I’m still breaking them in and still getting used to having an alien object in my ear, so I have a tendency to wanna reach up and scratch. I was just in my studio and I have a clock on the wall in front of my drawing table. Now, I hear it ticking. I tilted my head one way to listen to it, then I tilted my head the other way to listen to it, and I couldn’t tell if one was louder than the other. That’s the little things that I keep experiencing the more I have the hearing aids.
I’m really enjoying the hearing aids. It’s an excellent product. I have very large hands, so handling them takes a little getting used to though. I haven’t changed the monthly cleaning thing where I have to use the little device. However, I’m getting to the point where I take the hearing aids out at night and I put it in the charger and I let it go. Then in the morning when I get them out, I take my brush and clean them. If there’s any earwax on it, it’s recommended to wait until that dries a bit so that it could be brushed off easier. I’ve always maintained maintenance with my ears. I keep them clean using cotton swabs so there’s not a lot of wax build up. I assume that people who don’t do that are getting a lot of wax.
When I was traveling in another country, I took the entire box with me because I wanted to make sure I had my techs to be able to troubleshoot any problems. I travel a lot back-and-forth and I can just throw it in my art bag and it works fine with the box it came in. But I’m looking for something light to travel with that can keep it protected.
Overall, Eargo has been giving me excellent service. My wife has also commended the follow-up. Their attention to customer service has been very impressive. Good quality service is very hard to find these days. And I really appreciate the way that they operate and the quality of their product. I would recommend Eargo. I’m pleased with the product and it has been very good for me.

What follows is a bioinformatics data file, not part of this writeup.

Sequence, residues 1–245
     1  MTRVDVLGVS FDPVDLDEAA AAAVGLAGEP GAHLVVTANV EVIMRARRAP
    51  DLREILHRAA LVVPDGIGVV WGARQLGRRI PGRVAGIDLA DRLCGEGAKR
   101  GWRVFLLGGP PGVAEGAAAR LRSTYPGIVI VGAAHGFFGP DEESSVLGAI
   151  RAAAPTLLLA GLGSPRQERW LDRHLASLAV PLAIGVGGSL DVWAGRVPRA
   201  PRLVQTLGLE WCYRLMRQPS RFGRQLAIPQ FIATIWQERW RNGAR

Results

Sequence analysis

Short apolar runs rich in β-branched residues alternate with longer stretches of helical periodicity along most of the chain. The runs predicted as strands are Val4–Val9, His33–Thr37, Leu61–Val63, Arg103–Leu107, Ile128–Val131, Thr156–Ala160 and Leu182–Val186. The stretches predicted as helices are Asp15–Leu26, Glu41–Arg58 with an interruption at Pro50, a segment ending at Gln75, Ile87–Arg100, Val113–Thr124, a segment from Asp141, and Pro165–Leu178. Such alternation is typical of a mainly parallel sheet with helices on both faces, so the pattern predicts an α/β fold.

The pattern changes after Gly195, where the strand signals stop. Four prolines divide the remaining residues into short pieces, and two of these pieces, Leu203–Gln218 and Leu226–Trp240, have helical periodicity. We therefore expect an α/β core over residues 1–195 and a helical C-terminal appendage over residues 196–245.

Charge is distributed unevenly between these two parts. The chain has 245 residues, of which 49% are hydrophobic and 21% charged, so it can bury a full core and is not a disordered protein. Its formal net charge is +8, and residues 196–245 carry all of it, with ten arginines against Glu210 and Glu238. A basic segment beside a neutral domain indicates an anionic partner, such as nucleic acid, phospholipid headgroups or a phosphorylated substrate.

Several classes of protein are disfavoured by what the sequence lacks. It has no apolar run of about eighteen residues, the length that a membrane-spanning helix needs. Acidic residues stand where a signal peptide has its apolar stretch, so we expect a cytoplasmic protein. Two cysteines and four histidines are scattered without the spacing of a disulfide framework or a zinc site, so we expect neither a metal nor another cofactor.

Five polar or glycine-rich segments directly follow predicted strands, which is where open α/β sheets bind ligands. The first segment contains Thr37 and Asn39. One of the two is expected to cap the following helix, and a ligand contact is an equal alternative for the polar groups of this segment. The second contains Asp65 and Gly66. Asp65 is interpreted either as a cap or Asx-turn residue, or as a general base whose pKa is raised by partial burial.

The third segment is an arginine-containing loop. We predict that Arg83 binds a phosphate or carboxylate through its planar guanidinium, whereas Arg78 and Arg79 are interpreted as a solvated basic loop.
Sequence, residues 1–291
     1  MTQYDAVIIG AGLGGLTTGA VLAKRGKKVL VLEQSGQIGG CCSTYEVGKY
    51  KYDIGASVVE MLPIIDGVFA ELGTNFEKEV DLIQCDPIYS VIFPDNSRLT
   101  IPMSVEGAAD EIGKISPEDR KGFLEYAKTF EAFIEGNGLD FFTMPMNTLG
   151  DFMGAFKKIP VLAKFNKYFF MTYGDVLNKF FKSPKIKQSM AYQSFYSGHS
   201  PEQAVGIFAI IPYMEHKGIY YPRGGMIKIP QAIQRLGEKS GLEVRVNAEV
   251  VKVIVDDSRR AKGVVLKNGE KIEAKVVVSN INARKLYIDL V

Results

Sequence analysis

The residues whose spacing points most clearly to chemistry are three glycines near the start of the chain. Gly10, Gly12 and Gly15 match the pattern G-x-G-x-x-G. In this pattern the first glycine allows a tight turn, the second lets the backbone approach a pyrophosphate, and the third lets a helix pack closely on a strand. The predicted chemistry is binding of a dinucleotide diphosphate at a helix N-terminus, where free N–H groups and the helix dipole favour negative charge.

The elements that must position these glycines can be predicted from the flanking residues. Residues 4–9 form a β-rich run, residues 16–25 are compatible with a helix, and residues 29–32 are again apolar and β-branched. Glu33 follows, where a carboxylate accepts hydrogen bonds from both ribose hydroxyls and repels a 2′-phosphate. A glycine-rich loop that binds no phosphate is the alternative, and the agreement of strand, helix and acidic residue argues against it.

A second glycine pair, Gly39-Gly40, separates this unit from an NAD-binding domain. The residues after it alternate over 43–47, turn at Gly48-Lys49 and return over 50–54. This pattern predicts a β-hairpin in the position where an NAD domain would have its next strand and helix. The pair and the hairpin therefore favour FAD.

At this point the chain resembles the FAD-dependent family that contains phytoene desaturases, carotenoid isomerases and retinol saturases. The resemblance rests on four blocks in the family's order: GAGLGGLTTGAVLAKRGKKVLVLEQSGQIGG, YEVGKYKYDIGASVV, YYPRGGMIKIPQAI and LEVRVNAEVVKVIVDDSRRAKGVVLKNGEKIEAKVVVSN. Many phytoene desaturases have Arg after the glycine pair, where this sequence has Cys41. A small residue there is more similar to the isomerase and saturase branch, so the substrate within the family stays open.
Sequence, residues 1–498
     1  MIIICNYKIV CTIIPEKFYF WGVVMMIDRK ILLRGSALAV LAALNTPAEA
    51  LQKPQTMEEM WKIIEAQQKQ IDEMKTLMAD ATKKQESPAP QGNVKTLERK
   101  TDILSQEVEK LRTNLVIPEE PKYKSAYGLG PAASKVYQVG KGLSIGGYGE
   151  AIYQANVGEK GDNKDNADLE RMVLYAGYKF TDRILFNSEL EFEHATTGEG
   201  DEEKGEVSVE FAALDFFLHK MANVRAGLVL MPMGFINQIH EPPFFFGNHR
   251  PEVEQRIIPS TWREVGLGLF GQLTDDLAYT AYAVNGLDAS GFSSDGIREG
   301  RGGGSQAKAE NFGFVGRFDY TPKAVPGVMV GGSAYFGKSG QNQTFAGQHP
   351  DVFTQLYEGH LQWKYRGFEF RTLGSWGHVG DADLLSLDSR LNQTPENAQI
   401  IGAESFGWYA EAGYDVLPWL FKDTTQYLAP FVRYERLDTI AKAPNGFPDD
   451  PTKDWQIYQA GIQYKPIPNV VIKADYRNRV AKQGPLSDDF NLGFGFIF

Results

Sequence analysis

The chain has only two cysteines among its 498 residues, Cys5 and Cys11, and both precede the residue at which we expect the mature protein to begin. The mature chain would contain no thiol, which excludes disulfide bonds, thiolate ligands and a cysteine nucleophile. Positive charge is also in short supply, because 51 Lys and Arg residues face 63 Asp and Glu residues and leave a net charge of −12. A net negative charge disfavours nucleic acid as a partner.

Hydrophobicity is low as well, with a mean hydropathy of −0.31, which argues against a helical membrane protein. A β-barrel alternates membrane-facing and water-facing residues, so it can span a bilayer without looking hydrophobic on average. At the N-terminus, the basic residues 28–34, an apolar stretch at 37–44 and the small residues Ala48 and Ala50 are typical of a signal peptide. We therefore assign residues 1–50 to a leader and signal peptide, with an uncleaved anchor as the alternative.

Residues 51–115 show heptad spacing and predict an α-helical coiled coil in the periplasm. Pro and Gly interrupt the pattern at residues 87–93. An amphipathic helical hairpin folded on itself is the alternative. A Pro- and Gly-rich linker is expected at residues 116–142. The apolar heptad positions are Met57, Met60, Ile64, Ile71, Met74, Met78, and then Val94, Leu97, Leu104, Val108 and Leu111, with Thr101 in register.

You know that to live for every moment, you’ve got to hear every moment. Happy hearing, Ed!
I like that you can't see the Eargo hearing aids. A lot of my friends at my age say, "You got hearing aids?" If you don't pull it out and show them one, they'll never know, which is a definite plus for Eargo. I also like that it's rechargeable and easy to use. The price is important, too. I have the Eargo Max which is the middle type. The bottom one had too much noise. The newest one is the Neo and though I'm a tech guy, I don't want another app and I don't feel the need to adjust it that much. The Neo seems to be too much.
The first person that I spoke to was Corina. She sent me the empty ones for sizing. The follow up by Eargo is tremendous. They had the follow-up call for the audiologist to answer any questions. I did end up sending the right one back though. We tried everything. She had me changing tips and changing the wax filter, but there was something with it.
It's my first hearing aid and so far, it works. You'll notice the difference. The first time that you put them in and you hear running water or you pick up a potato chip bag and crackle it, you'll go, "What was that?" It's that learning experience of retraining your brain a little bit. But I'm loving my Eargo hearing aid. I can hear better with it and I'm having a good time with it. It's great for TV. You don't have to put your TV volume on nuclear anymore. It's also great when you're in a restaurant trying to see what the person across the table is saying without reading their lips. I went on a Disney cruise a couple of weeks ago, and a couple from Wisconsin learned about my hearing aids. Next thing I know, they contacted me. I turned them on to Corina and they bought them.
Eargo has done a great job of having two-minute videos to make sure you're taking care of them. I got an email a couple of days ago saying they wanna make sure I'm cleaning the wax out of my ears but they're doing it in a way that people don't feel offended. Eargo is doing a real good job of not only the marketing but also trying to get through the people that probably have said no to hearing aids.
I've already recommended 3 people to Eargo. I told my neighbor across the street to get the free one so she could see if it would fit, and it didn't. She has such small ear canals. It's a learning curve to know who can get it and who can't. There are a lot of people out there that really would like to have it. The fact that the law changed where you don't have to go through an audiologist to get beat up and hit over the head with the price is a major point. But Eargo could have something that is not $5,000 to $6,000 and put it where people can afford it and make it easy to use.
We work hard to keep your hearing loss under wraps! chEARs, John.